compiling names of absentee teachers. The information gathered will be used to take action against teachers who have refused to
return to classroom.
Already, there are reports from some districts like
Mukono, Gulu, and Mbarara indicating that a section of teachers has rushed back
to schools following the threats.
Baguma is puzzled why the government which is calling
for dialogue is still intimidating teachers with the inspections. He further
scoffs at the claim of deleting striking teachers off the payroll noting that
intimidating workers on industrial action with threats of firing them is
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The Employees Act section 76 notes that the participation
or intended participation of an employee in a strike or other form of
industrial action shall not constitute a fair reason for dismissal or for the
imposition of a disciplinary penalty where the strike or other industrial
action is lawful.
During a media interview, Bitarakwate said that although
the government might not go to the extreme to delete teachers off the payroll,
the circular issued on recording those who are absent has not been reviewed or
The permanent secretary further added that the law
provides for reprimanding workers who abscond from duty. She insisted that
teachers who will not be found at school will be served with a letter
requesting them to explain why they are not on duty.
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According to her, the ongoing industrial action is no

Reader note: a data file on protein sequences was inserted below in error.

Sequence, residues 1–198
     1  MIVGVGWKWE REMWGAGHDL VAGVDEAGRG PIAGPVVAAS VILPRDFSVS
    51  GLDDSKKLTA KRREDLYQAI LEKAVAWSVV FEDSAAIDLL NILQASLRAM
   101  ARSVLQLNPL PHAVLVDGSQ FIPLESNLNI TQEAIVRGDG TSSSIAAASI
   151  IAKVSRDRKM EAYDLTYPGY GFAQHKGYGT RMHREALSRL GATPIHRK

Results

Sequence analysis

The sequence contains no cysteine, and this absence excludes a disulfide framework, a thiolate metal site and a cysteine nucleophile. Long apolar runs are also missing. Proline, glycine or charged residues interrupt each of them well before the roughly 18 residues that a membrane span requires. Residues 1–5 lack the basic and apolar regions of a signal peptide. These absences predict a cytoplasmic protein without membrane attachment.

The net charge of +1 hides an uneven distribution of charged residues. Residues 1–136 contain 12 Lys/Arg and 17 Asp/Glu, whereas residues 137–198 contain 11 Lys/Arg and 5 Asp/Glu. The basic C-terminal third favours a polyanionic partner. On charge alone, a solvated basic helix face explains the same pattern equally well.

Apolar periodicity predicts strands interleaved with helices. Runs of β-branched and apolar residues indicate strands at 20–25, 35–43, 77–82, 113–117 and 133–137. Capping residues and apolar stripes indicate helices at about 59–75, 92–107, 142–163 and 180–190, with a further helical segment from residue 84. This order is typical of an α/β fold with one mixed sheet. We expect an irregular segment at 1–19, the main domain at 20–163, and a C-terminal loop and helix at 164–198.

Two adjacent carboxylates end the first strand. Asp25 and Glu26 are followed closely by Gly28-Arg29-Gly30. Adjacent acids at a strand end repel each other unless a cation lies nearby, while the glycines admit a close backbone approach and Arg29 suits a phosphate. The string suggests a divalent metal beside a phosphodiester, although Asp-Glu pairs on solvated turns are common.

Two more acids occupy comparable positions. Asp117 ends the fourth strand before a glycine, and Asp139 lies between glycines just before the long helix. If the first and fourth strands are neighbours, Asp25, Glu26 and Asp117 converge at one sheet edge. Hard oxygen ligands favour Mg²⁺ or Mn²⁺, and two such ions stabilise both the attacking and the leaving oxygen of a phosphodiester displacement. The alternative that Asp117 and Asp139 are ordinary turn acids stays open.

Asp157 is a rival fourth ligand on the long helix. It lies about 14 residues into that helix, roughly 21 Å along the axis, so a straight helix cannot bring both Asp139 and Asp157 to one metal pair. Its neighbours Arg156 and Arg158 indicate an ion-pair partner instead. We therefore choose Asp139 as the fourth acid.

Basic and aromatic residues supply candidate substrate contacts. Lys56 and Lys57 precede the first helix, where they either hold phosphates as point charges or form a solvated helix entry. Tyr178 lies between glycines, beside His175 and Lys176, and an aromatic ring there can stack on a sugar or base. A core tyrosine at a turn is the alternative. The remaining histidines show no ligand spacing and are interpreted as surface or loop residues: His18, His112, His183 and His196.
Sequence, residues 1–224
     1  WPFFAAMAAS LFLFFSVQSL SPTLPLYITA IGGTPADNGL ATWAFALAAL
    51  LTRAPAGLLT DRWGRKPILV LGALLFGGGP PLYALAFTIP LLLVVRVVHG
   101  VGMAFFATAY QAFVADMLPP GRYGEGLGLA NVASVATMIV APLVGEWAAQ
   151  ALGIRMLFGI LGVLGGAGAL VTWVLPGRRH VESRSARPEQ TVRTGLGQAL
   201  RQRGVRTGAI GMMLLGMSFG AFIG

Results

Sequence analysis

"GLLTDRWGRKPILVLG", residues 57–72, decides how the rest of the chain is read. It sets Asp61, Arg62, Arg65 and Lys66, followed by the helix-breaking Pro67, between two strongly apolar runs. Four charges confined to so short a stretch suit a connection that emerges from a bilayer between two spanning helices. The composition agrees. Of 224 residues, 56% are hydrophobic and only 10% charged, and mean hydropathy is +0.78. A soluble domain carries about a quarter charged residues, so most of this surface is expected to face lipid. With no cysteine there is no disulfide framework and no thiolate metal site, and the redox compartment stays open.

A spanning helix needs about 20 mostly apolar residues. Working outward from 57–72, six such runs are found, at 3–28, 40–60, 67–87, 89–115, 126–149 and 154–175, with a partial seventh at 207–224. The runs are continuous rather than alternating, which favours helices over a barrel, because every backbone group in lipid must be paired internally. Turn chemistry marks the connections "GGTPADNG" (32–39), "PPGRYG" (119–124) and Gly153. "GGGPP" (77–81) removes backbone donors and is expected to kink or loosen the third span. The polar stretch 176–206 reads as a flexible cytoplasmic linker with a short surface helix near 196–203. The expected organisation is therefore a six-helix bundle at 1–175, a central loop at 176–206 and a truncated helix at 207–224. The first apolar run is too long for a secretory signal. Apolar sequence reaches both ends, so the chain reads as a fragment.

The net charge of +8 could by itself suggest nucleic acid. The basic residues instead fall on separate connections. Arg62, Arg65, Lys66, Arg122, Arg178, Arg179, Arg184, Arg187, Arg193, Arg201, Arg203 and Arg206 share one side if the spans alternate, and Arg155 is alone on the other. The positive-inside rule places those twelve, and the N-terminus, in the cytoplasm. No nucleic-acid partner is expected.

longer necessary. She further explains that the primary objective of the
industrial action is to advance a claim that teachers have already made.
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While, Bitarakwate insists on the need for daily
inspection, implementing local governments have no resources to carry out the
activity as required. Moses Olok, the chairperson of the District Inspectors of
School Association who also doubles as Kayunga inspector of schools, cites lack
of human and financial resources.
“For instance, I have 167 government schools in Kayunga.
However, we don’t have enough manpower to cover all these schools,” Olok told
Uganda Radio Network.
Many other local governments have also reported that they
might not be able to produce the said reports on time as required due to a lack
Joyce Nalubega, Entebbe municipal education officer, said
that they don’t have any funds to carry out the inspection. “Entebbe municipal
council does not have any resources since the financial is ending and the
system is getting off but we have told officers to use their own money and ask
for refunds later. However, this cannot go far with the high fuel rates,” she
Peter Nsiimire, the Ibanda District Schools Inspector,
also raised a similar issue but hastened to add they are working around the
clock to devise means of handling the matter at hand.
In addition to lacking finances, Olok questions the
quality of the reports which will be provided since the government resorted to
using Parish and Sub Counties Chiefs to increase manpower.
“In schools, there are teachers who are present but not
teaching. As inspectors, we can tell whether teaching and learning are going on
or not. A teacher might be present in class but when he is not teaching. This
might not be assessed by the deployed town clerks and parish chiefs,” he adds.